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liberality, and our justice: that we should manifest the earnestness! and sincerity of our wishes to communicate to Ireland a full participation of all the advantages weenjoy ; that we should prove ourscives desirous of considering the inhabitants of the two countries as one people, connected together by the closest ties under the same Constitution, the same Parliament, and the same King:
• He had understood that, if the Resolutions which had been opened should be agreed to, it would be proposed that they should, be carried to the foot of the Throne, accompanied by an Address to his Majesty. In that Address he hoped, and was persuaded, that no sentiments or expressions would be introduced which jealousy might misinterpret, or malice pervert : that there would be no indication of a wish on our part to press the considération of the question upon the Legislature of Ireland; and that no impulse would be given to it, but what it mighe derive from the free and unbiassed opinions, and dispassionate judgment of the Parliament and People of that kingdom.'
We have never heard the character of Mr. Speaker Addington mentioned without respect; and we never contemplate his conduct without feeling that respect justified and strengthened.
MON T H LY CATALOGUE,
For MAY, 1799.
MEDICAL. Art. 17. Observations and Experiments on the Broad-leaved Willow
Baré, illustrated with Cases. By W. White, Apothecary to the Bath City Intirmary and Dispensary. 8vo. PP. 59
Vernor and Hood. Since the introduction of this bark into practice at the Bath City
Infirmary and Dispensary, as a substitute for the Peruvian bark, we are told, not less than twenty pounds a-year have been saved to the Charity. If an equal degree of good can be effected by the willow-bark, its cheapness certainly renders it an object of attention to the governors of similar institutions. It has long been recommended in agues, instead of bark : but its 'use has never been gene, rally adopted by the faculty.
The common dose, Mr. Whitę tells us, is two table-spoons full of the decoction, three or four times in a day: but, in intermittents, it is necessary to give one or two ounces every three hours. The form of the decoction consists of two ounces of broad-leaved willow bark, boiled in two pints of water to one pint, with the addition of a drachm of pimento.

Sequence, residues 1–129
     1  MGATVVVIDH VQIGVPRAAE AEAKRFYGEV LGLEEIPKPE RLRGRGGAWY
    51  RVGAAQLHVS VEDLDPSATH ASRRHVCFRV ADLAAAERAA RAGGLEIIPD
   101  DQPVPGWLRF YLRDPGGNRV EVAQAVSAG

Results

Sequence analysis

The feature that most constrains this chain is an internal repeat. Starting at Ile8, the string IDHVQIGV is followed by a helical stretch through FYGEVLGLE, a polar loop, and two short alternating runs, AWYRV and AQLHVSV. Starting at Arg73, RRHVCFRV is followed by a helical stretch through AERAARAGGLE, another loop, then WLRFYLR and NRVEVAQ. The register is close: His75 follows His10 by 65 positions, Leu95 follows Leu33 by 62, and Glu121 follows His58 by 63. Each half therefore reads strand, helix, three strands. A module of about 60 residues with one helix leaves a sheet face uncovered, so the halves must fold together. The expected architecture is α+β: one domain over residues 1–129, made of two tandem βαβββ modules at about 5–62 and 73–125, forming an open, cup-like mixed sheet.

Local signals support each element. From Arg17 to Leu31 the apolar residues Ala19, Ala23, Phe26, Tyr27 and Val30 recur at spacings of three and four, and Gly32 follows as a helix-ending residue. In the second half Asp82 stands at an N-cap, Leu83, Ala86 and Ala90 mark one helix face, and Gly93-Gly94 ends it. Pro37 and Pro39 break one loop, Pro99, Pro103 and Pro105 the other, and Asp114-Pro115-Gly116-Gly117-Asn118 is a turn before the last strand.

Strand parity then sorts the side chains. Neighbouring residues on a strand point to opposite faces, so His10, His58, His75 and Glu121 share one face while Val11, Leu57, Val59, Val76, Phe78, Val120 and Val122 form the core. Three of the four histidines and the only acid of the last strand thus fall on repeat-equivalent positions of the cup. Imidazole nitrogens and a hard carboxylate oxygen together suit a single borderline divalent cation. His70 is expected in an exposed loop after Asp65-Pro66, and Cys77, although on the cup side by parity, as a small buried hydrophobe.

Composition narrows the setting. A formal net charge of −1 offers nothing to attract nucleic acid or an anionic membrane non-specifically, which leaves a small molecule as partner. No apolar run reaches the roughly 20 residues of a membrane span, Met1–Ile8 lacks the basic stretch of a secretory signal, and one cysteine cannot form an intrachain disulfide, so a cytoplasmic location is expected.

Mr. W. conceives this remedy to be little inferior in efficacy to the Peruvian bark.—The willow bark he has hardly ever found to disagree with the stomach or bowels ; a circumstance greatly in its fatour. The superior bitter quality of the Peruvian bark seems to be its chief claim to a preference before the willow bark.
The cases undoubtedly shew that this remedy possesses considerable power, and will probably excite the attention of practitioners in dif. ferent parts of the country to a substance so easily procured. Art. 18. An Illustration of the Analogy between Vegetable and Animal
Parturition. By A. Hunter, M. D. F. R. Š. L. & E. 8vo. PP:.4: With a 'Plate.
Cadell jun. and Davies. This is a very pleasing, though very short, comparison of the mode of the production of germs in animals and vegetables; it proves that the venerable author preserves that spirit of observation undiminished, by which he was honourably distinguished many years ago. Art. 19. An Appendage to the Toilet: or, an Essay on the Management
of the Teeth. Dedicated to the Ladies. By Hugh Moises, M.D. Small 8vo. PP. 42.
25. 6d. Hookham and Carpenter. This treatise has been effectually secured against the attacks of criticism, by the patronage under which it is placed by its courteous author. Our fair readers will find it, at least, a guide free from noxious practices.
We wish that Dr. M. had avoided breaking Priscian's head, in his motto: Amicus veritas will not do, even for Lady's Latin. Art. 20. One Hour's Advice, respecting their Health, to Persons going out to the Island of Jamaica. By R. Wise.
pp. 70. is. bd. Johnson. This manual is compiled ehiefly from Mr. Long's valuable history of Jamaica *, by a gentleman who resided for some time on the island; and who imputes his preservation from the common diseases of the country, and particularly from the yellow fever, to his strict adherence to the rules established in a chapter of Mr. Long's book. They certainly merit the attention of every European who visits Ja maica ; and we only fear that those, who are most liable to the bad effects of the climate, will be least attentive to the sagest monitor.
I 2 mo.
LAW. Art. 31. A Letter to the Right Hon. Lord Loughborough, Lord High
Chancellor of England, &c. &c. from Richard Wilson, Esq. M. P, on the Subject of his Bill of Divorce from the Hon. Anne Wilson, late Townsend, presented in the last Session of Parliament to the House of Lords. 8vo. 16. Chapple. 1798.